Imagine that through some combination of luck, ruthlessness, and an animal feel for what certain American voters like to hear, you become president of the United States. You wake up every morning with a country to run, programs to implement, fires to put out. Your job is probably the most important one in the world, and certainly the most closely examined. When you speak, the nation listens, even if you don't particularly like big swathes of the nation and even larger swathes definitely don't like you.
You made some promises when you were running for office and now you have to at least try to keep them. This is going badly. You have not been a transformative leader, instead quietly going along with longtime obsessions of your party. Your most important legislative push ended in humiliating failure you can't accept. The healthy economy, which you inherited from your predecessor and brag about every chance you get, may not be as strong as many people assume. The thing you've been most successful at is starting feuds with the media, which fires up portions of your base, but doesn't come close to substituting for real accomplishment.
So you take a break. The heat of the DC summer is oppressive and Congress is in recess anyway, so you head out to one of your many golf courses. (This one's in Jersey.) You're not on vacation because the president can never go on vacation, of course, and you take the time to give a short presentation to the media on infrastructure. You talked about this during the campaign—the country's crumbling roads and its pathetic airports—and you want to make this a priority. You show the media charts. There's too much red tape, you say, and here's a chart demonstrating that.
It's going fine. There was a rally over the weekend where some people gathered around a Confederate statue, marched around with torches; there was brawling and a person died—it was bad, and the media said you said the wrong thing about it. But look, you said the right thing eventually, OK? Time to move on to infrastructure.
Then you take questions and everything goes off the fucking rails:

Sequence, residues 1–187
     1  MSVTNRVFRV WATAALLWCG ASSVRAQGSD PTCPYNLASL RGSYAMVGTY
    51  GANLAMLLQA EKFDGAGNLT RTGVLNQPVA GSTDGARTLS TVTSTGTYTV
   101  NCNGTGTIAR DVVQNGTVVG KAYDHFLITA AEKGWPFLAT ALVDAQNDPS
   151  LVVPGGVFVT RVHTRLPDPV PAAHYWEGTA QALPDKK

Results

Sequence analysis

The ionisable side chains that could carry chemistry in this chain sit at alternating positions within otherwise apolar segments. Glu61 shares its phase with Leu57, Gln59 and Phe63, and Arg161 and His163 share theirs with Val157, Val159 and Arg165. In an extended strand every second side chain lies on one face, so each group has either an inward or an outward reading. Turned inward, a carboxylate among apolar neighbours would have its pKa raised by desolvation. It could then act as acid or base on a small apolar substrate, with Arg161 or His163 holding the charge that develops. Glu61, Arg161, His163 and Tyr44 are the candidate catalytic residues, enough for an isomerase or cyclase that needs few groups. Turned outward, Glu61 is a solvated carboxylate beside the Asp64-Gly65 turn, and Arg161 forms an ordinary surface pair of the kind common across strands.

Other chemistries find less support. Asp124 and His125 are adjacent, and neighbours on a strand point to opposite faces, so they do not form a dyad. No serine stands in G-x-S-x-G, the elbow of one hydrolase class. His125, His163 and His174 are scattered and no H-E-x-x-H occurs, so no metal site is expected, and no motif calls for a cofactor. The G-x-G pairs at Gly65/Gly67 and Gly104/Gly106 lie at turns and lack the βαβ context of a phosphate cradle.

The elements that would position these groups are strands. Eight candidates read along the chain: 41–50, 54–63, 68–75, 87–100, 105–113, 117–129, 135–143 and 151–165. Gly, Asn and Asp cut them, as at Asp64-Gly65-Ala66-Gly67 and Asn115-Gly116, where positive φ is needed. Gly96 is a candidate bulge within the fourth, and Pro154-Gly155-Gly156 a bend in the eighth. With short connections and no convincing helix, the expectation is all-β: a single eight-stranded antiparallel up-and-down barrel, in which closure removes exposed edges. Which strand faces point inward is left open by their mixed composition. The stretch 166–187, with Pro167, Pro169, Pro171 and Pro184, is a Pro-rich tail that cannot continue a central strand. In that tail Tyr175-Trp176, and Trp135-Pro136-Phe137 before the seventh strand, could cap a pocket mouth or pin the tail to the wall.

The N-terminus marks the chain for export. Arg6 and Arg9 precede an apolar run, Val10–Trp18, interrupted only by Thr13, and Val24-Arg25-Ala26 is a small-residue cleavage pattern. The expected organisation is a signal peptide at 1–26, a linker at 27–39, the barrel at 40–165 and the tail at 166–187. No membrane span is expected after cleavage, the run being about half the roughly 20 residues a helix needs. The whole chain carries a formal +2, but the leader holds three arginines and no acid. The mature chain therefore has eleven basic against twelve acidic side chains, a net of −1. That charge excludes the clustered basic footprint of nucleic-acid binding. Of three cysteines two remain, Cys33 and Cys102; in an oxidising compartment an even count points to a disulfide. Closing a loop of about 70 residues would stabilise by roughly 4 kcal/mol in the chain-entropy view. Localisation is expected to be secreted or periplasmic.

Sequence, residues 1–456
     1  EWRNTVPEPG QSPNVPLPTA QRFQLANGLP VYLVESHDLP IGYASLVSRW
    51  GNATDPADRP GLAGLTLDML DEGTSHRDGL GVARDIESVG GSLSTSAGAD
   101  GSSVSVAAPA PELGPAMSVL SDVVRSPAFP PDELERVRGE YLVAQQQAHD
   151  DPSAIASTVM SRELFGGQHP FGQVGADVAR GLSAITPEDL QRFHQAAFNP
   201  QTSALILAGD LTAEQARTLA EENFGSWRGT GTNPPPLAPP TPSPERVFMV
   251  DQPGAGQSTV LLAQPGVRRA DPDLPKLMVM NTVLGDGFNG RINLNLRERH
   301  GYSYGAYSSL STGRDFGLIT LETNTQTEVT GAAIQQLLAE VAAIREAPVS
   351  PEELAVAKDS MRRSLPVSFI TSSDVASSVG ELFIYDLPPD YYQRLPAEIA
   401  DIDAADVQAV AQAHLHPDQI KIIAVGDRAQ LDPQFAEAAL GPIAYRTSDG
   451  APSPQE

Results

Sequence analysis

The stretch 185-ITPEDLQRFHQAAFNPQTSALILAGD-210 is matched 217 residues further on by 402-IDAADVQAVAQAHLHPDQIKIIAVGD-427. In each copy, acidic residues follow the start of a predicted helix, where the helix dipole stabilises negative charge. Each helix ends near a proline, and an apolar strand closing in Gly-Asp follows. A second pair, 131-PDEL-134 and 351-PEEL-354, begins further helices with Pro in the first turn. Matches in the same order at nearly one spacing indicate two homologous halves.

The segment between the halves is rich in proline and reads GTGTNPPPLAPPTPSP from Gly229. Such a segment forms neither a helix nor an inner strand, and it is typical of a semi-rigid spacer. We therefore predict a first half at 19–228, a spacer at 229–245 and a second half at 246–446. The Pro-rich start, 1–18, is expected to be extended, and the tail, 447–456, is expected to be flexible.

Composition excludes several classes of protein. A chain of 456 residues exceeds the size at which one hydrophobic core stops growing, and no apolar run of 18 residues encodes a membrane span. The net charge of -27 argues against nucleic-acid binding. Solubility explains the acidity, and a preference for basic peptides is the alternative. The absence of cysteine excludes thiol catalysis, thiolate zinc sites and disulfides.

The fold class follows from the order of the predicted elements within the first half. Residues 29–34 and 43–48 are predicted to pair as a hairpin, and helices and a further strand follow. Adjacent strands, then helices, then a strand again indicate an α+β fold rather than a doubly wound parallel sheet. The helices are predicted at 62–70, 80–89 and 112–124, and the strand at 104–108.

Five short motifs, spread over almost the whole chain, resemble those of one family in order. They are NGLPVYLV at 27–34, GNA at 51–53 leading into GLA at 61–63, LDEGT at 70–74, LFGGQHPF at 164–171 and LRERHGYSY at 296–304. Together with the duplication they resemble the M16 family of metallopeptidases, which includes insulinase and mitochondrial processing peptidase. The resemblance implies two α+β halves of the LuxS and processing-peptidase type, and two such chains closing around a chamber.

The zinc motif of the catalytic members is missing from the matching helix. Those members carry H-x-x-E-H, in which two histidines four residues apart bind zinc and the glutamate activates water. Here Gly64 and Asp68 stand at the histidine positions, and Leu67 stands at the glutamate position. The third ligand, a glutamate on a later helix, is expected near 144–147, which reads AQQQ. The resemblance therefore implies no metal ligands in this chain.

President Donald Trump defended the group of white supremacists who marched on Charlottesville, Virginia this weekend, telling assembled reporters they were largely justified and being unfairly vilified by the media….
"The night before people innocently protesting very quietly the taking down of the statue of Robert E. Lee," Trump said, in reference to the group of white supremacists who spent the evening carrying torches, shouting Nazi slogans, and delivering Nazi salutes. "You had a group on one side that was bad, and you had a group on the other side that was also very violent."
If it's hideous to watch America's president try to excuse the behavior of white supremacists as "innocent," it's also deeply embarrassing, a reminder that this is the person leading the country. Embattled, constantly distracted by Twitter and cable news, and increasingly at odds with Senate Republicans, Donald Trump was given an opportunity to present himself as a unifier by simply denouncing a bunch of violent racists in Charlottesville. He failed that test on Saturday with a weak statement about "many sides," and, after condemning the white supremacists on Monday, failed again on Tuesday with a bizarre press conference that saw him excusing the fringe right. He even adopted its talking points about how if monuments celebrating the Confederacy came down, statues of George Washington would be next.
He finished up by bragging that he had a winery in Charlottesville that was one of the largest in the country. (As noted by Mother Jones, the winery is officially owned by a business named after Trump's son Eric.)
What was advanced by Trump producing another controversy from thin air? If anything, his continued defense of the hard right will make mainstream Republican politicians more leery of him than they already are, and remind them how unpredictable he is. Meanwhile, it helps further convince white supremacists that the president is on their side, and will surely deepen the division between Trump supporters and detractors nationwide.
The country is getting angrier. Maybe it was just as angry during the Obama years, but Barack Obama could make people believe in civility, or at least the appearance of civility. Trump doesn't have that talent and he doesn't seem to care much, anyway. His instinct is to fan the flames, to make more enemies, to turn every story into a story about him and what he said. The brutal and tragic thing was that that instinct was exactly what America wanted—it got him the presidency, if only barely. But he's utterly incapable of doing the job, a point that was obvious even before Monday. He can't get through a simple press conference without spewing more bile and alienating leaders who would have endorsed more infrastructure spending.
Trump is failing. It's a terrible thing to watch.
Follow Harry Cheadle on Twitter.